5 Reasons to Know Modern Artist Mohan Samant
Earlier this summer, Mumbai gallery Jhaveri Contemporary celebrated a new and important milestone. They won the prestigious Frieze Stand Prize in New York, for presenting works by Mohan Samant – “a historically important Indian artist not previously seen by a mainstream audience,” Frieze noted in a statement. A risk, the jury pointed, which ultimately paid off.
The gallery put the spotlight on 20th century artist, Mohan Samant (1924-2004), by showing his paintings and works on paper. As a member of the Progressive Artists’ Group, Samant rubbed shoulders with FN Souza and MF Husain. He lived and worked in New York, where he breathed his last in 2004. If the name doesn’t quite ring a bell, there’s no better time to get to know the underrated legend who paved the way for artists like Atul Dodiya. Here’s why…
His style can’t be boxed.
Noted curator Jeffrey Wechsler wrote in his essay that “Samant’s practice was the antithesis of a signature style.” Samant too is claimed to have said: “Neither style nor theme dictates my art. I paint as I please, for I paint for the pure pleasure of painting.” He worked with diverse materials, both high and low. And his practice can be placed at the intersection of sculpture, drawing, and architecture. In his career, he went from making impasto paintings to assemblages that incorporated found objects into his work (hand-twisted wire, readymade toys and such).
His inspirations were wide ranging too.
They covered a wide spectrum from prehistoric cave paintings and Egyptian funerary wall drawings to Indian miniatures and folk art.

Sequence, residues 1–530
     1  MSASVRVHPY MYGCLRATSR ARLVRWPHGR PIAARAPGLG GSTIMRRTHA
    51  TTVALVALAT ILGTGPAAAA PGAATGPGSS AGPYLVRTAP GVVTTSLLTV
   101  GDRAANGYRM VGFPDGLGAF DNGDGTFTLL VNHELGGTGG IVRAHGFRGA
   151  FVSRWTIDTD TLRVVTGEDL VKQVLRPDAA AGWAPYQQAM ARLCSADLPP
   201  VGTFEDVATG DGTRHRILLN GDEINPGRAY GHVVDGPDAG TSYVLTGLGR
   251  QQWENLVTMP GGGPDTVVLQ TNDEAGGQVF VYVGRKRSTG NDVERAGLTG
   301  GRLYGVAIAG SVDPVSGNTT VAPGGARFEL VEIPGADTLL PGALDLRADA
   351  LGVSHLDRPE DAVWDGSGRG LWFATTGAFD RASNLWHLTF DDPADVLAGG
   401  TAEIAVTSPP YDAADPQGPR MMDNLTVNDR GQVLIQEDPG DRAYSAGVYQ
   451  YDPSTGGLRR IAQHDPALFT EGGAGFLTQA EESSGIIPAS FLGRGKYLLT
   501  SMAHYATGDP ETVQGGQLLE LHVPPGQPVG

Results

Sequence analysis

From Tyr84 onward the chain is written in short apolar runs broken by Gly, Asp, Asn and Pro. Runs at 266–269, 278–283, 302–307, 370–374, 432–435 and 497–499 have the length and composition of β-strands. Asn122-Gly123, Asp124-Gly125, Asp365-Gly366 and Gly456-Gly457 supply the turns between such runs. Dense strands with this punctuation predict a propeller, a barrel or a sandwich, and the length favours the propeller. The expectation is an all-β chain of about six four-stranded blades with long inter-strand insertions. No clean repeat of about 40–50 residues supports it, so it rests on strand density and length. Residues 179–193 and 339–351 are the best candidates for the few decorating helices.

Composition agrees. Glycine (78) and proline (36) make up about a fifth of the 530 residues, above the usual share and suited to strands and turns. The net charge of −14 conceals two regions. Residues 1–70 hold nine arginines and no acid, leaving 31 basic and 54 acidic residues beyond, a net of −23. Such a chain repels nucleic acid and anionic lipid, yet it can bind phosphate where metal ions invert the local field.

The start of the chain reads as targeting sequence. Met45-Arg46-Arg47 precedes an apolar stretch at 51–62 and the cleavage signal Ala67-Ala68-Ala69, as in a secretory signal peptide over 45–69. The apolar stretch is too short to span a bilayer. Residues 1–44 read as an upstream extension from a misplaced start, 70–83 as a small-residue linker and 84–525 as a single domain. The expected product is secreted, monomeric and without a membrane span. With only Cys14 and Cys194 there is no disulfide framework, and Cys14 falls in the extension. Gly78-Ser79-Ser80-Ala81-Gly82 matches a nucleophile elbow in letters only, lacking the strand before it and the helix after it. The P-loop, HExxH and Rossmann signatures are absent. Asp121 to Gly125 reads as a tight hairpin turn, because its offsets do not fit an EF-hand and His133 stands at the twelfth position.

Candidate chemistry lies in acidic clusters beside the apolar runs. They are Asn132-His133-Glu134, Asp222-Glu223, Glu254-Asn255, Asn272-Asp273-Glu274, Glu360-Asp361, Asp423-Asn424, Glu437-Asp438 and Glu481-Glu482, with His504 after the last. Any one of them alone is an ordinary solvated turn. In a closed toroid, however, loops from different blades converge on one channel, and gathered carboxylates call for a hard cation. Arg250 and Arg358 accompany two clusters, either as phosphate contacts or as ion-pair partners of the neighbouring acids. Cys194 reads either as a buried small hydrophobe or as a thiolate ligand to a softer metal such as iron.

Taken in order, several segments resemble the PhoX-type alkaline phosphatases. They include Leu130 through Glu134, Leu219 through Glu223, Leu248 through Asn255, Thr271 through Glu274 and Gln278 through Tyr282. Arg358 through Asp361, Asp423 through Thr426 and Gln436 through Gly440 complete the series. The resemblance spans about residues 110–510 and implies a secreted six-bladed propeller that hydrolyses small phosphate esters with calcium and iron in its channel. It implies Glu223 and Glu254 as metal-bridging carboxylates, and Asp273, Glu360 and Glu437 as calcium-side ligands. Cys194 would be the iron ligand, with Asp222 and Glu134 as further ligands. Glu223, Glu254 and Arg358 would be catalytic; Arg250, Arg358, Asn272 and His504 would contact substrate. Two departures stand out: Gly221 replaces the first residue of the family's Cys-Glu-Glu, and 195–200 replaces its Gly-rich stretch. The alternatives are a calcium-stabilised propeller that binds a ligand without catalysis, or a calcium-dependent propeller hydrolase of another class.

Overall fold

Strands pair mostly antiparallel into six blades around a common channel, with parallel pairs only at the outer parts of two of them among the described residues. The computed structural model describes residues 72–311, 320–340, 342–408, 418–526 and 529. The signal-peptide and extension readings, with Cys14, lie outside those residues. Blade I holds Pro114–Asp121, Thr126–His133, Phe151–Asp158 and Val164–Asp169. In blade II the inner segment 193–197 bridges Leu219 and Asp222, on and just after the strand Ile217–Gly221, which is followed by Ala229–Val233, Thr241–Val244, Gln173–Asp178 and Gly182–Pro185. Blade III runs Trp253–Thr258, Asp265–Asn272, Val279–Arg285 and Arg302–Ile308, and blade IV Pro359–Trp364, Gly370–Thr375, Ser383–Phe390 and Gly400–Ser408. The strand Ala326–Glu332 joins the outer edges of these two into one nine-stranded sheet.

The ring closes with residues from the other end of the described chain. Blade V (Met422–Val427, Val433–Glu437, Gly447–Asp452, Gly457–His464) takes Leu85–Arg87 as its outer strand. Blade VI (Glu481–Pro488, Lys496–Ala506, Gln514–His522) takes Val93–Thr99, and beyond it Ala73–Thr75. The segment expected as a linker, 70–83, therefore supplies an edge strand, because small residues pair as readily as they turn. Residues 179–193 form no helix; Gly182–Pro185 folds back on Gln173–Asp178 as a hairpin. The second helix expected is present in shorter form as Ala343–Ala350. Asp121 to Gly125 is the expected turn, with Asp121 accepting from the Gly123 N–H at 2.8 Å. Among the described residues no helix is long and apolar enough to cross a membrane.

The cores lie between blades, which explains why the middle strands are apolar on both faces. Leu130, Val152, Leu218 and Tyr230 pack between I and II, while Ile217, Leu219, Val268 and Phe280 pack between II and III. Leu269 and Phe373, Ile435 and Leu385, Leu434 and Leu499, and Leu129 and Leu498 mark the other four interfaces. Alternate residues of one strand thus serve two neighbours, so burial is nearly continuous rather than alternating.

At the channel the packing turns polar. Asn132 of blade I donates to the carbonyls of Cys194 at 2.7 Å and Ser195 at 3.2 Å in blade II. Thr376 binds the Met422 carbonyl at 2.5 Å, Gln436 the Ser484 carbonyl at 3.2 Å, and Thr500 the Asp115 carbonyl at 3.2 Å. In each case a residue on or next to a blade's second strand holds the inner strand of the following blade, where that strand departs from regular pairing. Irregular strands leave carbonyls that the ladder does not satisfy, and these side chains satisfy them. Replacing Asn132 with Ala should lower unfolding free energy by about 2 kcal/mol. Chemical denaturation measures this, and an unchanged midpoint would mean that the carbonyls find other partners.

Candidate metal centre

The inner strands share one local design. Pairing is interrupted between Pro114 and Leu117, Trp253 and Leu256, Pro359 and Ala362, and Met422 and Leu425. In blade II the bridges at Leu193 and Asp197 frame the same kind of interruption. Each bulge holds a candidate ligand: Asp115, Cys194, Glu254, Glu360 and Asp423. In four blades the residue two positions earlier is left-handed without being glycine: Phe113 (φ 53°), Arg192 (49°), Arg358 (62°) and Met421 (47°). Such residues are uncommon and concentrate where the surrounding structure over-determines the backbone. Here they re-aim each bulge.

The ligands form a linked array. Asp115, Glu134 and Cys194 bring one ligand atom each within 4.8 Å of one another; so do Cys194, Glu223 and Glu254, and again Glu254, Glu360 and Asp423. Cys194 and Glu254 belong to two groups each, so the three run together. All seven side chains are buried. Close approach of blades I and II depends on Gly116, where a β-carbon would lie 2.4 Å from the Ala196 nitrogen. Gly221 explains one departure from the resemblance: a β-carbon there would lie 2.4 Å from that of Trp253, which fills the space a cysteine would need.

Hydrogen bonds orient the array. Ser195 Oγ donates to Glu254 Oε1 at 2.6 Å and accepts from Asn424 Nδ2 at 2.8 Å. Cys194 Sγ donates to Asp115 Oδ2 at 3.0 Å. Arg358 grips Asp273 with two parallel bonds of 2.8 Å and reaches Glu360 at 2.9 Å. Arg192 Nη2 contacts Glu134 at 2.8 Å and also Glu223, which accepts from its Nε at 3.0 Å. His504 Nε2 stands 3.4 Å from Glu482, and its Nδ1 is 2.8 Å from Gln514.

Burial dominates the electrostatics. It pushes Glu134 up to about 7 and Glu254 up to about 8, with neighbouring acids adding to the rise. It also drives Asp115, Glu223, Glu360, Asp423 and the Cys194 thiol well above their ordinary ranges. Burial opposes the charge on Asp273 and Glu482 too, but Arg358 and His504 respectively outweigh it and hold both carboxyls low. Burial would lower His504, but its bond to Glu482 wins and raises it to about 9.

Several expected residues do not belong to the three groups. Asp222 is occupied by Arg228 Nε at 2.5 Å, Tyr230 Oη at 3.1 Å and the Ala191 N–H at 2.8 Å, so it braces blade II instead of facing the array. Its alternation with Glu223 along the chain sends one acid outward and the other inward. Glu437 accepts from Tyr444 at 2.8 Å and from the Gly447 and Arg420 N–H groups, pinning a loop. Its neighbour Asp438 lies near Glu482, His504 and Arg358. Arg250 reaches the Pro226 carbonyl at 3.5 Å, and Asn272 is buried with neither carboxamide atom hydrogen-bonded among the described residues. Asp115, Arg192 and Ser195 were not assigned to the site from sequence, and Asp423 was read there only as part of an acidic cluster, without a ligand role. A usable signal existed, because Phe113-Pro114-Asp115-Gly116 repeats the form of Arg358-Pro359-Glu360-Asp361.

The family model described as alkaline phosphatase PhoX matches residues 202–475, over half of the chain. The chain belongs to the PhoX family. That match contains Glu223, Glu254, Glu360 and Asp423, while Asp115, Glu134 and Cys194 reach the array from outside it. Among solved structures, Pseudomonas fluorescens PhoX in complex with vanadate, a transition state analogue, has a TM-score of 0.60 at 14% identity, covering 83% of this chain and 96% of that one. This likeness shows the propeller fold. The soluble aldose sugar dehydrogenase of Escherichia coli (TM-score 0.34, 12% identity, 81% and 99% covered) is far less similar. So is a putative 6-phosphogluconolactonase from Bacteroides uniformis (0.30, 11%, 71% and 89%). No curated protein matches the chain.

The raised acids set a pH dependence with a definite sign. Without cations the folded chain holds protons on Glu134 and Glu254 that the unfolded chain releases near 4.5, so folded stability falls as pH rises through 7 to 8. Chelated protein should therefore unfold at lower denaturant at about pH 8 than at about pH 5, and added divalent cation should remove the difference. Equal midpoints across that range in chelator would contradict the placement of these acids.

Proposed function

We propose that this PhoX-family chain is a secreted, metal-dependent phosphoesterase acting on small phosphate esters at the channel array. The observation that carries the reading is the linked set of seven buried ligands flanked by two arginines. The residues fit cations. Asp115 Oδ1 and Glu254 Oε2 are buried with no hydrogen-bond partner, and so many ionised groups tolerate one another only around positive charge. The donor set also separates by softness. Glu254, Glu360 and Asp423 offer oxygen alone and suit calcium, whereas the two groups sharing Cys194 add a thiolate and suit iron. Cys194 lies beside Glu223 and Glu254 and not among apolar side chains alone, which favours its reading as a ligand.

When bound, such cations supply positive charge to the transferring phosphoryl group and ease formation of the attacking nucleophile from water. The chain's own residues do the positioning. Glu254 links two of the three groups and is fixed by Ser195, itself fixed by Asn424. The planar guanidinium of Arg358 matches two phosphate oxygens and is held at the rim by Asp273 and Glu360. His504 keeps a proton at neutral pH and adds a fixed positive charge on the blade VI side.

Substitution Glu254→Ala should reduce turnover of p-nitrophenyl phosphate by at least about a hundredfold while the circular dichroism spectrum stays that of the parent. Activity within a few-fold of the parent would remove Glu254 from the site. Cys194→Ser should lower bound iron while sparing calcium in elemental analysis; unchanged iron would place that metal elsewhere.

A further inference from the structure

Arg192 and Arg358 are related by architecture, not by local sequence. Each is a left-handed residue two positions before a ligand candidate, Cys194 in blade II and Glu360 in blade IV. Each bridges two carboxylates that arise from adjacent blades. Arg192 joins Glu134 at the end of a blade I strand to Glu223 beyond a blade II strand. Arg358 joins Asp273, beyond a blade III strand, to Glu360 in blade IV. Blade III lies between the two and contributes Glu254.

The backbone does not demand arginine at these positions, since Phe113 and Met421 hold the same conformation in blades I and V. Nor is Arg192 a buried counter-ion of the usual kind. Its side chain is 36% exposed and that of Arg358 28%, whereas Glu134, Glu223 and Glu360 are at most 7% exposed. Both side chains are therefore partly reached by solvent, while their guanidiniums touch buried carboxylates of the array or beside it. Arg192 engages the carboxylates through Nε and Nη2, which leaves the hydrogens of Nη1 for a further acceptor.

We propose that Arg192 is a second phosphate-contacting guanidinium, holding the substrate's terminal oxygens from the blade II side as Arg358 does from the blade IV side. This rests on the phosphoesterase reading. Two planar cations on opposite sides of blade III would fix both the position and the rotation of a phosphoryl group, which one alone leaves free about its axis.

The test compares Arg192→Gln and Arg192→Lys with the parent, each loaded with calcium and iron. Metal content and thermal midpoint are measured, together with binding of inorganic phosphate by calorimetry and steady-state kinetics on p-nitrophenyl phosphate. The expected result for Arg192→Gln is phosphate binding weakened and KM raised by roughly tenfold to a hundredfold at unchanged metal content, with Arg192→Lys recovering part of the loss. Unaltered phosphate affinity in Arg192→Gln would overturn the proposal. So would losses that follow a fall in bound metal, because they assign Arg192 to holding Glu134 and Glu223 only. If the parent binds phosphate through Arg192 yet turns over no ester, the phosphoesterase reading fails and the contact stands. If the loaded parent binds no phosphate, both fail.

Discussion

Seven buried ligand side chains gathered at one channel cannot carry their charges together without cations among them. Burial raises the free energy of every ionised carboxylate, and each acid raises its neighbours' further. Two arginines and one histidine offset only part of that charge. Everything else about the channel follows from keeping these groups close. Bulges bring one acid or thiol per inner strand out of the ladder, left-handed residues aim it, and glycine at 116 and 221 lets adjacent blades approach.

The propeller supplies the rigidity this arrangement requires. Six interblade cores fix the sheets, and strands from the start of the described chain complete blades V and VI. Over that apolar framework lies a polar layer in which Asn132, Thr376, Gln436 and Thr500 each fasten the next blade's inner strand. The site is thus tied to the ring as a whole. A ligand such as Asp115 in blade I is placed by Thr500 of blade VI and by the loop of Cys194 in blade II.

He’s exhibited with leading lights.
To quote art critic and curator Ranjit Hoskote, Mohan Samant is an artist who is considered a “missing link in the evolutionary narrative of contemporary art in India”. A member of the Progressive Artists’ Group, he exhibited alongside many of India’s leading artists, including FN Souza, SH Raza, and MF Husain. He’s also showed with the Bombay Group, which included KK Hebbar and KH Ara.
He earned recognition from all quarters.
Mohan Samant graduated from the JJ School of Art in 1952, with the Governor’s prize at the Annual Bombay Art Society Exhibition. 1956 was another stellar year: he was awarded the Gold Medal at the Bombay Art Society’s group exhibition, the Gold Medal at the Calcutta Art Society show, and the Lalit Kala Akademi All India Award. He spent 1957 and 1958 in Rome on a scholarship awarded by the Italian government. He visited Egypt the same year. In February 1959, a Rockefeller fellowship took him to New York City, where he would remain until 1964.
He invested in other passions.
In 1968, he returned to New York, and turned his attention to his other great passion – music. The artist and his wife Jillian Saunders, who was an accomplished musician herself, were known to host recitals and concerts in their New York loft too.